The Assoulines’ have an incredibly close bond; family and work are inextricably tied. During the pandemic, Alexandre moved back in with his parents to ensure the business could weather the covid storm.
It’s clear they’re not a family to shy away from hard work. “I like to say I’m the first one in the office,” he chuckles, “but that’s an hour after Prosper – I get there at eight, he gets there at seven every day.”
I ask whether it’s been difficult for his parents to start relinquishing control of their business. It has, after all, been their baby for the last 30 years. Assouline pauses as he weighs up his answer. “They’ve been very supportive in giving me the right chance at the right time,” he says firmly. “They’re very critical as well – I think they’ve been really hard when they needed to be and I’m grateful for that.”
One area where Assouline has really made his mark is the introduction of a new service creating exclusive custom libraries for private homes. The idea, he says, came from a chance meeting with a developer over lunch in New York.
“He had just finished a building in the West Village and told me he had a room that he didn’t know what to do with,” explains Assouline. “I was like, ‘you could do a library!”
What started as a single project snowballed into a full-blown service which is set to relaunch internationally this fall with an entire team of library designers. And it’s not just books either – Assouline will also bring in an interior designer to choose furnishings and fittings for the entire room.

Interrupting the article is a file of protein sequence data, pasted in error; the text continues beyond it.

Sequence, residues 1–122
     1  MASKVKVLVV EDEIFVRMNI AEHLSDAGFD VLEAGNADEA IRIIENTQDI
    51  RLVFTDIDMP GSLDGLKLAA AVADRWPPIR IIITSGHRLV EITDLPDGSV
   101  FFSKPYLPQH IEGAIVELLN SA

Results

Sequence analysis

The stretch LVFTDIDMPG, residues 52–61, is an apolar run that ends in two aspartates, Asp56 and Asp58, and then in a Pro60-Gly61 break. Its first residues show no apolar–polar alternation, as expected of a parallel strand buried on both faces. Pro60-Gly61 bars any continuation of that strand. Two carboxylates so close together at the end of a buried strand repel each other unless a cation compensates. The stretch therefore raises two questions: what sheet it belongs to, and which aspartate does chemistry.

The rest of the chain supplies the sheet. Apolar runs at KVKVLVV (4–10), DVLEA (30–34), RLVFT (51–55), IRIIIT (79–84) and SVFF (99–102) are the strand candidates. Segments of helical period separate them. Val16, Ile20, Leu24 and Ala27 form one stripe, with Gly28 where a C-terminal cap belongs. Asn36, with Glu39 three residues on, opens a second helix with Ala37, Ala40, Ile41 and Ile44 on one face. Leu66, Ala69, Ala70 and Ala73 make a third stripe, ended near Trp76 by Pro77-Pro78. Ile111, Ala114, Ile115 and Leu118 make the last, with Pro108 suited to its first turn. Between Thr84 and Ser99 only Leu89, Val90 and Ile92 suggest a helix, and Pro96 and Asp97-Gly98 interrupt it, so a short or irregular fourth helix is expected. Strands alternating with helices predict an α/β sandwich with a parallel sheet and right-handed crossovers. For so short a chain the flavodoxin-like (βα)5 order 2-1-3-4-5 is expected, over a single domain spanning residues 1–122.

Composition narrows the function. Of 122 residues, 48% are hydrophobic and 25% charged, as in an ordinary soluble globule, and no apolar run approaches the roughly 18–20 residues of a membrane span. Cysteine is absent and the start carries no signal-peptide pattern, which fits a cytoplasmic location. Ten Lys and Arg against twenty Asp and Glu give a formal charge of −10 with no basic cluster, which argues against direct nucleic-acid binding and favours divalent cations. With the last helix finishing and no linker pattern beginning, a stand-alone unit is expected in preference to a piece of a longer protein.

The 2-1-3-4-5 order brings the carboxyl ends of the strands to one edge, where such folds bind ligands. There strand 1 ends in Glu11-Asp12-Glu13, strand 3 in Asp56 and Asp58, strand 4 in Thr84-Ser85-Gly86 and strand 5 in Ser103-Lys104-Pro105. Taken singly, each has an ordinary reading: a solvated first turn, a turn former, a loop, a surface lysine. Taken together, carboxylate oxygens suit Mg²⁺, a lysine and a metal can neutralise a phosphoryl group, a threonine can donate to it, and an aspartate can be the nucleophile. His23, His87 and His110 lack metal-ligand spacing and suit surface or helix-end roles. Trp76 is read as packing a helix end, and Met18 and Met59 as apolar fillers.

Of course, this comes with a hefty price tag. The publishing house’s custom libraries start at $25,000 but can be considerably more expensive depending on the project. Every library is entirely unique; Assouline meets with the client to get an idea of what they’re looking for before spending months curating the perfect space.
“Usually clients come with one sentence,” he tells me. “Something like, ‘I want a library focused on music’. It’s really interesting to delve into what they’re looking for and create a place to inspire them.”
I wonder aloud whether some people purchase these ready-made libraries for their display element. “It’s a great backdrop,” he admits. “I even contacted Zoom at some point to do an Assouline background. I think people are proud to own a whole collection of our Travel Series, for example. The interior design component is very important – that’s why we try to create the most exquisite covers.”
Beyond books, Assouline is spearheading the luxury publisher’s move into lifestyle products – the COO just launched a new collection of candles and has plans to expand into fragrances and home furnishings.
It’s a time of real change – not just at the publishing house but for Assouline himself. This week, the COO married his long-time love, Solange Pin, in Paris. The couple are heading off on safari for their honeymoon, using one of Assouline’s latest releases, The African Adventures, as their guide.
“I’m obsessed with it,” he says, handing me the book with a grin. Leafing through, it’s clear meticulous care has gone into crafting every single page. This is no ordinary book: it’s a labor of love.